Today is my one-year anniversary doing stand-up. Exactly 12 months ago, on the top deck of a converted London bus, parked in the courtyard of Edinburgh’s Three Sisters, I took my first tentative steps into a career that I both love and regret at the same time.
I grew up gorging myself on BBC comedy repeats, both radio and TV, obsessed with the geniuses behind classics like Monty Python, Blackadder, Bottom and The Now Show. Delicious! As a side-dish, I was dining out on late night marathons of Seinfeld, The Simpsons and South Park throughout my adolescence.
It was this (spiritually) gluttonous infatuation that compelled me to take a job in my local comedy club, knowing I’d get the opportunity to see the country’s sharpest, wittiest and most accomplished stand-ups plying their trade. And get paid for the privilege – albeit not particularly well.
However, it took me a long, long time to pluck up the courage to step on stage myself. Almost a decade, in fact.
Last year, thanks to Free Festival, I was given the opportunity of showing a comedy crowd what I could do when given a stage and an audience. I remember offending the Oriental compere, who thought it perfectly valid for him to use the word “chink”, but that my eyes were just not narrow enough to be allowed the same license, even in an obviously ironic punchline.
I never regretted that decision though. The audience loved me. He was annoyed enough to delete me on Facebook. That experience set the tone for the year that was to come.
This August, I’m back at the Edinburgh Fringe. And I’m running a couple of mixed bill shows of my own, giving many other new comedians the opportunity that I myself was afforded when I first came here. I’ve come full circle.
I was due to debut my first ever one-man comedy show at this year’s Festival – a widely promoted and controversially titled hour of jokes and observations discussing racism, right wing politics and the failure of political correctness to effectively tackle prejudice due to its adherents’ unwillingness to evolve as our society does.
Sadly, “Racist Joke Show” wasn’t allowed to premiere at Edinburgh Fringe 2014. For the greater good, its cancellation isn’t a subject I’m able to discuss in any detail, other than to say I enjoyed previewing it prior to the Fringe and that I’m very disappointed I wasn’t able to perform it as advertised. The fallout from the late cancellation is that every day Fringe visitors come to my shows asking why they can’t see it when it’s clearly scheduled according to the brochure in their hands.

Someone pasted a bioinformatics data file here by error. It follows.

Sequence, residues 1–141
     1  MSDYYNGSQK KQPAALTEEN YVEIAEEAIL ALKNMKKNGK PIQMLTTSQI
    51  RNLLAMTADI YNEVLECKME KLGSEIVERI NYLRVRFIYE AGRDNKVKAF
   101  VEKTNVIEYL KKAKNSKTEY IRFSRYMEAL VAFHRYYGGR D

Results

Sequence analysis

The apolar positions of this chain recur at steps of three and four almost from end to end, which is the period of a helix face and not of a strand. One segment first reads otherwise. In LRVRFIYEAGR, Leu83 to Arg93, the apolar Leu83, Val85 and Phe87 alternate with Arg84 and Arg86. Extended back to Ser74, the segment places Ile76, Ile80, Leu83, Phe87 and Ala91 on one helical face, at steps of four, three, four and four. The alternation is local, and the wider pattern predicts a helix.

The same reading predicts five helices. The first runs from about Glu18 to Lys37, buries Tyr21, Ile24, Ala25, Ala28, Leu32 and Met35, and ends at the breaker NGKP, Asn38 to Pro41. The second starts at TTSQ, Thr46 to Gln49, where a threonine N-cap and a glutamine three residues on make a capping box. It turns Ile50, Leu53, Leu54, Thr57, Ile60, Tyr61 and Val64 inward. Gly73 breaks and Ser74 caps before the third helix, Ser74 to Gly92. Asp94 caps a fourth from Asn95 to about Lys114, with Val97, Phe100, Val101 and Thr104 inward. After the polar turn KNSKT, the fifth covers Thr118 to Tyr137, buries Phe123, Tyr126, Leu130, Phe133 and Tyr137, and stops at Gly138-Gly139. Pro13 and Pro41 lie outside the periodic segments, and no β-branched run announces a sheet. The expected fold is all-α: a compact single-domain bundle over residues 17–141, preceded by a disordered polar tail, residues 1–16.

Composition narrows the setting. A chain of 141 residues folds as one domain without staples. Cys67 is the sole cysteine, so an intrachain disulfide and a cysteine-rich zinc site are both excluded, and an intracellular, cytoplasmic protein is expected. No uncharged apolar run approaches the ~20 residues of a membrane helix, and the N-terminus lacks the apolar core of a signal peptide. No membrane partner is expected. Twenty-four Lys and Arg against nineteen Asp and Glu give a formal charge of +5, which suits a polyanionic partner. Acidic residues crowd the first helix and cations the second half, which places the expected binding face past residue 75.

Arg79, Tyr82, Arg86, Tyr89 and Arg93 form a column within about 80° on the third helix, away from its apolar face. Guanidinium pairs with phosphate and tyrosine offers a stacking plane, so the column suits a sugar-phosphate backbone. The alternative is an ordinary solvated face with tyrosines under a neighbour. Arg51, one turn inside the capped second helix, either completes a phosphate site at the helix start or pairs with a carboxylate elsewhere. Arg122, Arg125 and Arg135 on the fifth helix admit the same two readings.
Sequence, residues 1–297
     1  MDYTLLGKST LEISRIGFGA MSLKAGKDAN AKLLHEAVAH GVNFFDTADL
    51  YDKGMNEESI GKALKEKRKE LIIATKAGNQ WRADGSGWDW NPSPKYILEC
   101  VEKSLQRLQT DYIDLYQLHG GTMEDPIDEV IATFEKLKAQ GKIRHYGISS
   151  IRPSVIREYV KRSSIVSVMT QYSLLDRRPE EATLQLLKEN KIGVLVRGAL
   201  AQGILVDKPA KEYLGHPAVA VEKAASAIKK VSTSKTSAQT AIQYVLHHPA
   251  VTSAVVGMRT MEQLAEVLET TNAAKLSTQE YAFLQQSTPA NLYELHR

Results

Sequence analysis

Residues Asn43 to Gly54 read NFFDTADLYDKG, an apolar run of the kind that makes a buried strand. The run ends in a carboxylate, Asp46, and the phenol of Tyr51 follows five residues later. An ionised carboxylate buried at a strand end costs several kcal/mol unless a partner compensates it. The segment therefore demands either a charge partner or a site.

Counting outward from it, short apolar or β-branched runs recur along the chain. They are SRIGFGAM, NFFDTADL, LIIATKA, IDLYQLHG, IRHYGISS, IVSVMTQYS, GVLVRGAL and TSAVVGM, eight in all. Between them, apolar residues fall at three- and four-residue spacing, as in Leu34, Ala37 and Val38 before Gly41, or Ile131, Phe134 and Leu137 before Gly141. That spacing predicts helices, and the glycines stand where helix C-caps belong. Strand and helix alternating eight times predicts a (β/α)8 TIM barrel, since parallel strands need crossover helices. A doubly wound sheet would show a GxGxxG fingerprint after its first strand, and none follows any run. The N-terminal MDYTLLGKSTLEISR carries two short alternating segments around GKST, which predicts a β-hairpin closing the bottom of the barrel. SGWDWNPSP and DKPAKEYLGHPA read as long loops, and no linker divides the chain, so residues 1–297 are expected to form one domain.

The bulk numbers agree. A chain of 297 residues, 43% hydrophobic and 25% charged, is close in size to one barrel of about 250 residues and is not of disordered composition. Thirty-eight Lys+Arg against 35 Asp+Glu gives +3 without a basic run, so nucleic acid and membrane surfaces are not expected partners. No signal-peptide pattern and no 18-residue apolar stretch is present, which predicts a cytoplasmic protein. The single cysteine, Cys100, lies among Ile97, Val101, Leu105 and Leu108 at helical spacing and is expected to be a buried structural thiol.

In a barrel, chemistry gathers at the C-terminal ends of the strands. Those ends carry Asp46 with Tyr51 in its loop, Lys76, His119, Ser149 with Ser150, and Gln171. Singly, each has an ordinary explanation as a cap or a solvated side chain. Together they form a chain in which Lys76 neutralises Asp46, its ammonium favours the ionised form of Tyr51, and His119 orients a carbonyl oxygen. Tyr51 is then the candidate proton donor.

I tell them what I’m about to tell you: you can come and see me perform at Dr. Sicko’s Comedy Vomit every day at 8pm. And that I hope to bring Racist Joke Show to venues across the country over the coming months.
Over the last year, that incident’s been quite a speedbump on the journey. However, it’s far outweighed by the many highs I’ve enjoyed, including the plaudits and awards I’ve received, the wonderful new friends who are now a part of my life, and enthusiastic audiences that gave me unforgettable nights on my travels across the UK.
I go into Year Two of my career, diary padded with paid gigs for the next few months, and bookings to perform at some of the most prestigious clubs in the country, quite happy. I’m now regularly writing for The Huffington Post, and my online following (Twitter and Facebook) continues to grow as more and more media talk about the work that I’m doing.
Sure, people won’t always have positive things to say/write about me. And I’ve been misquoted more times than I can count. But I’ve worked in Marketing long enough to know that as long as the positives are outweighing the negatives, you can count all media attention as a win when playing the long game.
Being a comedian involves sacrifices. Far more than I could have ever envisaged before I started. The 250+ gigs I’ve done in the last 12 months have taken their toll on my personal life. I’ve seen far less of my family than I would like to. My car has become a second home, and the vehicle that’s taken me 50,000 miles to perform in front of usually-enthusiastic crowds of strangers. I’ve become intimately familiar with motorway fast food outlets and the Travelodge network.
It can be a lonely existence at times. Far lonelier than I want to tolerate for too long. So, after Edinburgh Fringe, I’ll be shifting into a lower gear. In my five year plan, I’m ahead of schedule and can afford to take a slightly less manic approach to climbing the ladder.
That’s not to say I’m going to stop performing. Far from it. I’m just going to divide my time more equitably between my private life and public work. After all, the more of a life I have, the more I’ll have to talk about when I’m engaging with my audience.
That’s the plan anyway. Those who know me are already taking bets on whether I can break the 300-gig barrier in the next 12 months…